(Feel free to read this to yourself, in Morgan Freeman’s voice)

I remember seeing a photo, not long ago, of the Arabian colt discussed in this article.  His chiseled features beautiful, to the point of fragile.  I actually wondered if the image had been photoshopped, it almost didn’t look real, but it is.


El Ray Magnum RCF


In spite of a full Veterinary exam proclaiming him to be in top health, you still can’t help but wonder, “is that okay?”  When you see his father, it seems slightly less unimaginable…




The parentage is obvious, but the decision by humans to “create” horses with these features isn’t so much.  I’m not asking the question as an accusation, merely as curiosity, “where’s the line between breeding for what’s best for THEM, and what’s best for US?”


The Telegraph asks the same question here; http://www.telegraph.co.uk/science/2017/10/13/extreme-horse-breeding-leaves-animals-looking-like-cartoons/ as well as Martin Clune discussing the subject, albeit about dogs, in one of his documentaries; “A Man and His Dog,” currently on Netflix.  In his conversation with a Veterinarian, they look at a menagerie of taxidermied dogs of various breeds, discussing the differences between the breeds then, and now.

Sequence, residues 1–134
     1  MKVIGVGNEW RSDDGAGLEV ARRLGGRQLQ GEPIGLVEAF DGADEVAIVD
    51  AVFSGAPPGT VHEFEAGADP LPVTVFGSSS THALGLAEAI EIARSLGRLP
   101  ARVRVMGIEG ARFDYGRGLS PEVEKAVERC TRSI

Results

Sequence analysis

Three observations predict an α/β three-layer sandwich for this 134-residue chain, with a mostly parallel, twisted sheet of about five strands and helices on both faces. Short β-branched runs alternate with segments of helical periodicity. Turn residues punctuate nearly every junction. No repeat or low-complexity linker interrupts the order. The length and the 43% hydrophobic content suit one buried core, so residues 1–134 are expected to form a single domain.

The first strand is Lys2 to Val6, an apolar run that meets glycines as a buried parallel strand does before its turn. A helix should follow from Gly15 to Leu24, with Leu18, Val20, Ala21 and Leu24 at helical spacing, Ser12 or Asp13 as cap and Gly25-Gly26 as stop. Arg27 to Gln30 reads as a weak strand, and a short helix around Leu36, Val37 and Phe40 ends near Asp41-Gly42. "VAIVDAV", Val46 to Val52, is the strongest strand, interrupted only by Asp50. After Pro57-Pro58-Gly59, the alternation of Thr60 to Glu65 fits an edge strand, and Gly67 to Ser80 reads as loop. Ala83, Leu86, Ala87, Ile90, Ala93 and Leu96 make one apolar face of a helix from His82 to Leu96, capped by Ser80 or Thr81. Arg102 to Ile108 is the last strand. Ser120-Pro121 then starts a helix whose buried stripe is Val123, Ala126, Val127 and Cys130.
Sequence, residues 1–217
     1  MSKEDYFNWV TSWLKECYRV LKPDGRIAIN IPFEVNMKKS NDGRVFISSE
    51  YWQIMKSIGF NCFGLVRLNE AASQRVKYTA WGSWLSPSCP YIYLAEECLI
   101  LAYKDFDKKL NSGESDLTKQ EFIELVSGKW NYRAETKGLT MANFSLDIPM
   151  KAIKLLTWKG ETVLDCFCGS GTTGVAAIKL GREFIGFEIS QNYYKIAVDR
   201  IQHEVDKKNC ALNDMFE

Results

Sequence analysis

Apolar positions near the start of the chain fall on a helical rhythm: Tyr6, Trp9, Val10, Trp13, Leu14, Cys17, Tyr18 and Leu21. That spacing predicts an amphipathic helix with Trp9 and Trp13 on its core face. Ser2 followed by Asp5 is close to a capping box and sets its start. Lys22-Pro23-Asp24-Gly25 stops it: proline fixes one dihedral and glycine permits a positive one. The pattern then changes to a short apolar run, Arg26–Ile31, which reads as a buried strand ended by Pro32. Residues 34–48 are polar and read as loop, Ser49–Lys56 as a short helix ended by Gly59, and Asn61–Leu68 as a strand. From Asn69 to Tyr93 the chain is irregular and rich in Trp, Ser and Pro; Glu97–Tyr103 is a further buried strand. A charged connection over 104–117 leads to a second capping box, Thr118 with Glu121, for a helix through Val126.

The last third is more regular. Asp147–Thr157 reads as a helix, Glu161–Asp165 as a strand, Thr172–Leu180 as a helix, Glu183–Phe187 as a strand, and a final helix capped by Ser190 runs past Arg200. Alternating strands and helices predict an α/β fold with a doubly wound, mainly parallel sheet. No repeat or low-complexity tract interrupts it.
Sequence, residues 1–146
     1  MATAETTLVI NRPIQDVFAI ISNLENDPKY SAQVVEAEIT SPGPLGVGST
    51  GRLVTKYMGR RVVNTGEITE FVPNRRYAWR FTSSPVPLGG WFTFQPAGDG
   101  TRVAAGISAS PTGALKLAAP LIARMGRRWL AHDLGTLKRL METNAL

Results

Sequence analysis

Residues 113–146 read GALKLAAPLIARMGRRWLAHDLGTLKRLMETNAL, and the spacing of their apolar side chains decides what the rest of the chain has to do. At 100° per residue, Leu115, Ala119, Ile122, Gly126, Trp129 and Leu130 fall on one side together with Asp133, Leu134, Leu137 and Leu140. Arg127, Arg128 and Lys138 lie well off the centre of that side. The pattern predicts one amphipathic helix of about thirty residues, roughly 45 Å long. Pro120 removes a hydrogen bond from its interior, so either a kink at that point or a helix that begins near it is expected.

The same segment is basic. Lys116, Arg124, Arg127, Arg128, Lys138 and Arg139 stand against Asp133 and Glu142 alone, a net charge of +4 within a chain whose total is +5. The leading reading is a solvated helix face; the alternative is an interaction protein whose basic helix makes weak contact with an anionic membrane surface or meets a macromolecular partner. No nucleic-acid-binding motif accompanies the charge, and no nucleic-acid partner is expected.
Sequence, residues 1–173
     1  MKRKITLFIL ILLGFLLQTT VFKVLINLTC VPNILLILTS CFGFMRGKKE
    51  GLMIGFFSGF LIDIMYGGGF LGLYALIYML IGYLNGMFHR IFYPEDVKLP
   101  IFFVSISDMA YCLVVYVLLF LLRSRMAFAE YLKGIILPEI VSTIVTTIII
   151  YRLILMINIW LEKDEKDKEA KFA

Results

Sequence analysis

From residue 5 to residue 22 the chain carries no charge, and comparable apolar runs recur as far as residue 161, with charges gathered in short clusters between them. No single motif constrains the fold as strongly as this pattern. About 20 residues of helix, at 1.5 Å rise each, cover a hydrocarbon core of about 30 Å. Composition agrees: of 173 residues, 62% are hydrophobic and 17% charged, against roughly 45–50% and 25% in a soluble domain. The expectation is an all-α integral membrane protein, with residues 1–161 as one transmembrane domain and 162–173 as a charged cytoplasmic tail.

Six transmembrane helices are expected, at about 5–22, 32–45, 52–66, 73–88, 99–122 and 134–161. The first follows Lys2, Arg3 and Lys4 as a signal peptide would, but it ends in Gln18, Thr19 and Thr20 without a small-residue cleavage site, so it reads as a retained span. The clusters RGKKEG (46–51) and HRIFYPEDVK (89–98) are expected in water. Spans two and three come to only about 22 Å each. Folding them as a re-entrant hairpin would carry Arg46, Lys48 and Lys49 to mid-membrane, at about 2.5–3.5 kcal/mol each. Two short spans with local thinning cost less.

In their conversation the subject of hybrid breeds was also discussed, and again questioned as to the necessity, or simply desire, for something new.  Overbreeding is a common problem with many animals of recorded pedigree.  At what point do we finally say, “enough,” or do we continue to tweak the model to suit our own personal taste?


When you look at this stallion advertisement from 1973-4, it’s hard to imagine what decisions humans made to arrive at the “ideal” we currently accept.




I can understand the effort to breed out undesirable characteristics, like health issues, conformation flaws, etc.  But I’m curious as to what the mindset is when humans are all but creating their own, new and improved version of what was already working for so many years.  Is it reinventing the wheel, or is it something much bigger?  Where’s the line, and have we crossed it?